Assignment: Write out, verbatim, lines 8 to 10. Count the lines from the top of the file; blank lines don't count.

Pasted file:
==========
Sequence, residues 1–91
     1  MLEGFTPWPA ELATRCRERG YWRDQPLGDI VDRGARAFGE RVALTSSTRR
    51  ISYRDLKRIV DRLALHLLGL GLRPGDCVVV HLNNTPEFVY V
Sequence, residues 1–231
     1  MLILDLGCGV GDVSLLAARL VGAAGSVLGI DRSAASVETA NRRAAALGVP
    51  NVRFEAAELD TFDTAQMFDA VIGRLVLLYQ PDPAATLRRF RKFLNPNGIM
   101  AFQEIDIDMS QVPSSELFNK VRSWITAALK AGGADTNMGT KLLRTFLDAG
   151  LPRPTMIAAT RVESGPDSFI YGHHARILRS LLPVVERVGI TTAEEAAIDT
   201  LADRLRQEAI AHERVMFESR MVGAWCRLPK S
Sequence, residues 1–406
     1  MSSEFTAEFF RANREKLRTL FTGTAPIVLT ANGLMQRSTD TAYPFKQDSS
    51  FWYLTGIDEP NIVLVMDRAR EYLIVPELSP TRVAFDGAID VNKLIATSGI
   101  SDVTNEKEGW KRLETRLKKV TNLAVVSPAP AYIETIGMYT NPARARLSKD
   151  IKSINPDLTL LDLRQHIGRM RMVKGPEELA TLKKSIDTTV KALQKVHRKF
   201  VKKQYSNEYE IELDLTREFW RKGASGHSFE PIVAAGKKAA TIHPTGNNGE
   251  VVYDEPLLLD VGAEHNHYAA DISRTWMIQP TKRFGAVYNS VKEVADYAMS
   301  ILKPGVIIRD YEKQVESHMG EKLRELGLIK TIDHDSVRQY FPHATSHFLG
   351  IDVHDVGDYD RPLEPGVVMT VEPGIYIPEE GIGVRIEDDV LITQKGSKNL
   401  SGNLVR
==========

   151  LPRPTMIAAT RVESGPDSFI YGHHARILRS LLPVVERVGI TTAEEAAIDT
   201  LADRLRQEAI AHERVMFESR MVGAWCRLPK S
Sequence, residues 1–406